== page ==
Before I start I would like to say that this is my first post here, however I have looked at a lot of posts people have placed on here and I think this will be a site that I will be checking and reading close to daily.

You would think that after 10 years on the job I would have learned to keep my mouth shut during a staff meeting....anyways....I have now been tasked with revising our new recruit orientation manual for our department. By revise I think it would be better stated to say create because what we are using now is old and hasn't seen a revision for a while now. We are a small town (around 3 sq. miles, no highway and mostly single family residential) combination department, but we are proud to say that always hire our paid ranks from the inside so our volunteers are who this manual is aimed at. Like most towns our size we get all walks of volunteers, those fresh out of the academy and those who just moved into town and have experience. My question is what do you think should be included in an orientation manual to make it worth more then just the paper that it is written on? Should orientation be something that would include skills that you have to complete to get out of the fire academy?

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My thoughts exactly.
I guess I could have been a little more specific...I am sorry.

I think you are on the right track as to what I am looking to do, although honestly I am not all that sure and the more I work on it the bigger it gets and the more it seems to be taking on a life of its own. When I started out with the thoughts in my mind i had these few points that I wanted to cover and as I worked on it I ended up knee deep in the DGP (Directives Guidelines and Protocols) doing a massive cut and paste of things I hadn't thought were in there but since I had put this in there I needed to put that in there.

I guess before I get too far with it I need to draw the line as to what is an Orientation Manual and what is too much to put into it. I know that I need to put in there something about Chain of Command, but do I need something in there about the anti-discrimination policy? Do I need this to be something that is all inclusive, or should I put some responsibility on the person to read their copy of the DGP?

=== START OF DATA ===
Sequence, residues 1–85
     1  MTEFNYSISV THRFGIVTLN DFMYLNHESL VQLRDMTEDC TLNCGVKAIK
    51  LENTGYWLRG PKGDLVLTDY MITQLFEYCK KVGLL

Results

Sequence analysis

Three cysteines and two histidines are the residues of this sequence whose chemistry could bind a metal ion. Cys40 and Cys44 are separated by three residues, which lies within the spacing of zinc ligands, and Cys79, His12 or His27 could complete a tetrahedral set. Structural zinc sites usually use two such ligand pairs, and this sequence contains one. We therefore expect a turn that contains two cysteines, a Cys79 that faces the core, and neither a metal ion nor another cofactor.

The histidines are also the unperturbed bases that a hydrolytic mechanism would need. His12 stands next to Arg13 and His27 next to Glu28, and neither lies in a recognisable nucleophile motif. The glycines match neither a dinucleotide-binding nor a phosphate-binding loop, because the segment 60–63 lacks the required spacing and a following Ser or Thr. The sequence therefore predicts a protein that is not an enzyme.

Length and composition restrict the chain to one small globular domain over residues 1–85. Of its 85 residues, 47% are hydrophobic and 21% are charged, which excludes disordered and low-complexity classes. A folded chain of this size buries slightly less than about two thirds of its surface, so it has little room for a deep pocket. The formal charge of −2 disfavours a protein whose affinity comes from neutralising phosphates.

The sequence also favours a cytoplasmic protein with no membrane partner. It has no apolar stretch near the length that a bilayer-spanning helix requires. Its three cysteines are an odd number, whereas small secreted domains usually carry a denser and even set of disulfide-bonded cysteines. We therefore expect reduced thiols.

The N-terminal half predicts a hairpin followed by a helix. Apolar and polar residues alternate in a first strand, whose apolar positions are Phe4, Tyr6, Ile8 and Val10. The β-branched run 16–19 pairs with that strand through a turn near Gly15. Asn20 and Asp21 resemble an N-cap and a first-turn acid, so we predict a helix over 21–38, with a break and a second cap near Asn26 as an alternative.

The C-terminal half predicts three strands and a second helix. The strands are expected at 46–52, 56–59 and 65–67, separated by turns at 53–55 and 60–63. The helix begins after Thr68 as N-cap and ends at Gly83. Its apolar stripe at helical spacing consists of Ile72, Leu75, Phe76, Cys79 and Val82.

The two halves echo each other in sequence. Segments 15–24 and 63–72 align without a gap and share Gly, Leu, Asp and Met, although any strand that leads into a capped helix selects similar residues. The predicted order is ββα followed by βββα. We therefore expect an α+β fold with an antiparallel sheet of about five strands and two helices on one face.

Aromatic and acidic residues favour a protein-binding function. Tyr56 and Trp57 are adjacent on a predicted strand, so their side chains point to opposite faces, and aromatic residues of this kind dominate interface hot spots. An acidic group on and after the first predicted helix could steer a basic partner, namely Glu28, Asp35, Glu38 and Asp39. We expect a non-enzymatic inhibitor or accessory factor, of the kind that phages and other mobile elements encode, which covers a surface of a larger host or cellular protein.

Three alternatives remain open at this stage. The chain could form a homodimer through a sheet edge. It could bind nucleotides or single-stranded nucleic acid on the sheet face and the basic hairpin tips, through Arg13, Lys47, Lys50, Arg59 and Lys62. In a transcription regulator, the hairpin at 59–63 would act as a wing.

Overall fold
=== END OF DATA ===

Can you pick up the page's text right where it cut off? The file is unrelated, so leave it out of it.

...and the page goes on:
Ours covers it all, and it works well. Even if you get a guy with certifications, how else do you know if he reallys knows how to do it or if he is full of it. I figure if you cover all the bases you are good from no cert/training through an instructor and anyone who has been around will understand if you need to spend a day or two doing skill check offs to keep from having a bunch of idiots getting off the rig at the next job.
I implemented an orientation process when I was Chief of Training of my volunteer fire department. We also offer an officers' orientation at the county fire academy I help manage.

Check out the documents attached and let me know if they're helpful.

Stay safe. Train often.
www.tigerschmittendorf.com
Attachments:
you are on the right track here Adam... looking for a boilerplate example to copy makes sense. Why reinvent the wheel? come up with a collection of examples, put them together using your department name and create a draft. Once this is done, make copies and hand them out to others who have the same rank or higher for input. Everyone gets to put input into the project. This is a called delegation buddy. and when you are done, you will have had buy in from everyone, taking away the bitch factor... just a thought. bz
Rob:
I understand and completely agree with your comment about checking to make sure that the SKA are there with a guy that comes in off the streets...but is that something that belongs in an orientation manual? We have members who come into the department with no training, or people who come in to the department and don't want to be a firefighter and want to be EMS only. The benefit of being a small town combination department is that we get people in without training as well as people with training, but that makes it hard to have a good orientation manual because you are not always getting people who have been to rookie school or are EMT-Basics. I guess I am still not sure I want to have a SKA section of a rookie manual for someone who only wants to be a paramedic and doesn't want to be a firefighter, or have a SKA section for someone who has never put on a set of gear other then for their physical ability test.

Tiger:
Thanks for the files, I will take a look at them and get back to you. I can't see where those would NOT be helpful.

Capt:
We are in a unique situation here with what we take as persons....we do EMS only and we do Fire/EMS. As I said to Rob we intake those who have never been involved in the fire service before as well as those who are career firefighters who happen to live on our community who still remember what it is like to be a volunteer. Working smarter not harder is usually how I go about my projects, but as far as I know we are unique in our area in what kind of intakes we have. I like the idea of having buy-in input into the project, however as for delegating things that is how it was given to me :)

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